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Acupuncture's Standard of Care
Both a concern and critique of acupuncture, frequently espoused by the bio-medical community is, "there is no standard of care in acupuncture." The following is why I believe this statement is disingenuous at best.
Official NCCAOM Practice Tests
The National Certification Commission for Acupuncture and Oriental Medicine (NCCAOM) is excited to announce the launch of the new NCCAOM Exam Preparation Center.
Prompting Memory: How to Stimulate Cognition
Recently I gave a talk titled, The Art of Memoir – Tapping the Past to Sharpen the Present at a senior lunch event in Austin, Texas.
NBCE to Reinstitute Computer-Based Exams
The National Board of Chiropractic Examiners (NBCE) has announced it will reinstate computer-based testing in January 2019 courtesy of a partnership with testing and assessment solutions provider Prometric.
Chiropractic's Next Frontier: Adjusting the Microbiome
Restoring a healthy microbiome to help treat disease may be the next frontier in chiropractic offices around the country.
A Novel Way to Prevent Elderly Falls: Toe Strength
In any given year, nearly 40 percent of senior citizens ages 70 and older will fall at least once. Each fall significantly increases the risk of not only sprains, strains and contusions, but also fractures.
Better With Chiropractic
While chiropractic care is receiving high levels of exposure these days, most pain patients who consult with a health provider still do so with their primary-care MD. And of course, that means in most cases, they're receiving standard medical care, not chiropractic.
News in Brief
Parker University Launches New Open-Access Research Journal for Chiropractic; Western States, Cleveland-KC Name New Deans of Chiropractic Colleges; Sherman College Goes Tobacco-Free; Life University Wins 11 Awards.
Transforming Exam Delivery
The NBCE Board of Directors has never wavered on its promise to deliver an excellent, on-campus computerized testing experience to students. Likewise, there has never been a compromise to the delivery of fair, valid and legally defensible exams.
Bastyr University: On the Front Lines of the Pain Epidemic
At University of Washington's Harborview Medical Center, the Seattle region's only Level I Trauma and Burn Center, the demands for in-patient care are dramatically different from a private clinic environment.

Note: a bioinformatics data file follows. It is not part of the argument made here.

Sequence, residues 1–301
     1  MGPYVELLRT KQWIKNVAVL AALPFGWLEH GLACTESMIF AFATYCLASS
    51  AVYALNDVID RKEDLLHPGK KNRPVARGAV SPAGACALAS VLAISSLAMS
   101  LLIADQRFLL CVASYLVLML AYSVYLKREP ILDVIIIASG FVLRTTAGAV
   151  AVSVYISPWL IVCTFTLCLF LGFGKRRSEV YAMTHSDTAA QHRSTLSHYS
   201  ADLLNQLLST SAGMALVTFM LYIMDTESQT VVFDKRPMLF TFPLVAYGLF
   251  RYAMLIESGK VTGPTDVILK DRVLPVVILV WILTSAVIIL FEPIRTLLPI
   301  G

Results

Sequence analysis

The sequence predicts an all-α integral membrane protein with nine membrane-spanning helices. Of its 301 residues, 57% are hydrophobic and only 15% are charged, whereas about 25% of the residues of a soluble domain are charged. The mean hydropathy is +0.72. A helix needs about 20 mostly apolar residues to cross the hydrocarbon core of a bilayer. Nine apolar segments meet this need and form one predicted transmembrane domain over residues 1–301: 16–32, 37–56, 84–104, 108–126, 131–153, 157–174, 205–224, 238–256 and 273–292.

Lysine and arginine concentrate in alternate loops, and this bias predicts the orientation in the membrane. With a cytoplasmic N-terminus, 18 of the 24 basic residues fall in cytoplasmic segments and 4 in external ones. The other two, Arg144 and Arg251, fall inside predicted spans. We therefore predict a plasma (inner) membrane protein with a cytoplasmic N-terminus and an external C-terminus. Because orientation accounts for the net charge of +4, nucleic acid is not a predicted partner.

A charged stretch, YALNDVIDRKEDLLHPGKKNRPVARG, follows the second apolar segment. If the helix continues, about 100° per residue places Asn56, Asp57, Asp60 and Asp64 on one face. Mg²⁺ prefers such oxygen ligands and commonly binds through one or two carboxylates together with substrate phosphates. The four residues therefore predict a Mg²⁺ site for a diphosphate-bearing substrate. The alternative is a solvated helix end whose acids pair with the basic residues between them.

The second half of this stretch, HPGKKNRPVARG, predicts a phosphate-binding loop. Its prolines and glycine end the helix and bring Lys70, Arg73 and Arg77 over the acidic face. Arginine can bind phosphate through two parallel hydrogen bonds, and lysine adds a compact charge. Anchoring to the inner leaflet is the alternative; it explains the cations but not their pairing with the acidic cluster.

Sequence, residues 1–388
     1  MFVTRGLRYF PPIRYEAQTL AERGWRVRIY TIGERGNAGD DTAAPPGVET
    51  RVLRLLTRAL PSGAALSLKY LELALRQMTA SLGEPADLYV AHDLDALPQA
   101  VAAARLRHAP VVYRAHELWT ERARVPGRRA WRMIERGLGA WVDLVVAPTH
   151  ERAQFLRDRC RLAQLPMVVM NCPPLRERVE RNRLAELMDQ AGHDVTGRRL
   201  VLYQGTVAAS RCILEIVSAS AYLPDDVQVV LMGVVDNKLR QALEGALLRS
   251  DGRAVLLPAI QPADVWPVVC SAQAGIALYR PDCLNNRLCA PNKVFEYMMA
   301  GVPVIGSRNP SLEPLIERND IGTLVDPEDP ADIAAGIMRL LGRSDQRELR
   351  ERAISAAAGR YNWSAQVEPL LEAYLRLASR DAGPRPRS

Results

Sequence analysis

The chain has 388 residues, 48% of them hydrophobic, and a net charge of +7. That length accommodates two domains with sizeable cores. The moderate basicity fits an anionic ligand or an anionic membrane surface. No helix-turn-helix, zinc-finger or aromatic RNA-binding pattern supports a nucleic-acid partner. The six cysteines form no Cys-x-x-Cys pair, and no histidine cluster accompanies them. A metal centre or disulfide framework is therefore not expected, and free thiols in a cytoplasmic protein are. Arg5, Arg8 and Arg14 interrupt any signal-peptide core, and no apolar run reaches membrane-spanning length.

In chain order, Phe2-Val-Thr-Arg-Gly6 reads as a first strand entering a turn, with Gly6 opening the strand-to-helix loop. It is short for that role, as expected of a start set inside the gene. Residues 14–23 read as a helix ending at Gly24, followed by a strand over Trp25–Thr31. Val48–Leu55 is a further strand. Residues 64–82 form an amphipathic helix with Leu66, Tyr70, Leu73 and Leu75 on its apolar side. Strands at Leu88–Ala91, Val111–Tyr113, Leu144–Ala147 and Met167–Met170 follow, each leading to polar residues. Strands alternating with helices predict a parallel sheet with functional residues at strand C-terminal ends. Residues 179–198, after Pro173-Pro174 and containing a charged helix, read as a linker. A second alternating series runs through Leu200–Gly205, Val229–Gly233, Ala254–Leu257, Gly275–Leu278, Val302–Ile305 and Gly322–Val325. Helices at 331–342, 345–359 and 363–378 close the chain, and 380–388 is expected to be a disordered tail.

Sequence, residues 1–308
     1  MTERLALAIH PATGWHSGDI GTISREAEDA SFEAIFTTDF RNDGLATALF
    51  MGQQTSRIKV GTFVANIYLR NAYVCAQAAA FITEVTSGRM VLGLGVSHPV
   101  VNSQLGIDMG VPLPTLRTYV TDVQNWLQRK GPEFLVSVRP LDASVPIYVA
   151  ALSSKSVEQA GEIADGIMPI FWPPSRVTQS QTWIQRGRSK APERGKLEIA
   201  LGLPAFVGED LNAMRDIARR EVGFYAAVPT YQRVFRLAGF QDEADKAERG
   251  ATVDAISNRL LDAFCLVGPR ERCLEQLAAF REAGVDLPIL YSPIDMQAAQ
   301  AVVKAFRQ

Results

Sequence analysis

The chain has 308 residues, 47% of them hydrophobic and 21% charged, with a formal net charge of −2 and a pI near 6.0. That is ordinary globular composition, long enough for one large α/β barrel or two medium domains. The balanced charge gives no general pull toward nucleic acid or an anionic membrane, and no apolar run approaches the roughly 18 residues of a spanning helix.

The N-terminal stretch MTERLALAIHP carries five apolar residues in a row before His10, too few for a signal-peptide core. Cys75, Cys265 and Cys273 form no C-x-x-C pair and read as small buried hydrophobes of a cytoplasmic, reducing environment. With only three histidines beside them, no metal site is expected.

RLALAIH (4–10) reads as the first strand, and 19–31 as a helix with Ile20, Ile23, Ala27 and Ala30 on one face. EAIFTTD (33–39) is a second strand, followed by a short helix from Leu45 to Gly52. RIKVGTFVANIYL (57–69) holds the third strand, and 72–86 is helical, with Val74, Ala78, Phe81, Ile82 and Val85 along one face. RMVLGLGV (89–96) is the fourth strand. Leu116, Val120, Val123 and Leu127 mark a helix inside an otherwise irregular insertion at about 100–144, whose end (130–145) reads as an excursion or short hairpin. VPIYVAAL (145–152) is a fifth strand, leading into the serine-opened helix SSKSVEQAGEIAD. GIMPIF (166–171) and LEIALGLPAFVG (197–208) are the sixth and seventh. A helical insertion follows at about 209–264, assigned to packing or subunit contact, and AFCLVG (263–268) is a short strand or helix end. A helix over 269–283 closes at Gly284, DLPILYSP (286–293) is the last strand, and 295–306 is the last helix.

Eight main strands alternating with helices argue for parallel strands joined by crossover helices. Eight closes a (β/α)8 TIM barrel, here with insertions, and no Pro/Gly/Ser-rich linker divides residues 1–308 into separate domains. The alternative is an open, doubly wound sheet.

Old Trend, New Risks: Heavy Weight Training
With more opportunities to exercise than ever, a greater selection of exercise options, and the subsequent opinions supporting and challenging their merits, it's easy to be confused as to which approach is best.
Regenerative Medicine: How to Do It by the Books
The "lay of the land" for regenerative therapies, including but certainly not limited to adult stem-cell treatments, seems to change almost daily.
Catch the Workplace Wellness Wave
Do you offer workplace wellness services to local businesses? If not, you might want to consider this lucrative channel for expanding your practice. Workplace wellness programs and wellness-related benefits have grown in popularity over the past several decades.
Missed Causes of LBP: It's the Syndrome, Not the Subluxation
When I read the chart notes of other chiropractors, I am usually disappointed. They list what vertebrae are fixated or misaligned. They may describe the involved fascia and muscles.
New Opportunities for DCs
For decades, the model chiropractic practice has been the single-doctor practice. Recent surveys have found that approximately two-thirds of U.S. doctors of chiropractic still practice this way, with another 20 percent practicing in multiple-chiropractor practices.
Multi-Dimensional Acupuncture: 3D, 4D & 5D
Maggie is an intuitive healer and workshop leader who I met on a recent hike. While we were talking she told me how she had to take it easy because of her knees. She said that her doctor told her that she has the early signs of arthritis.
Cyber Threat Checklist: Defend Your Business With These 10 Steps
Living in an internet connected society brings many conveniences and benefits. The power of the internet to connect us with customers, store data, and find information has opened the door for many small business owners to grow and flourish.
State by State: Chiropractic Leads Changes in Health Care
Monumental legislative bills in support of the chiropractic profession were passed recently in Washington, West Virginia and Oregon. Here is a review of this important legislation, state by state...
Paving the Way to Integrative Health & Wellness
Jared Polis (D-Colorado) and Mike Coffman (R-Colorado) launched the integrative health and wellness (IHW) caucus in October, 2018.
Is Primary Spine Care the Answer for Chiropractic?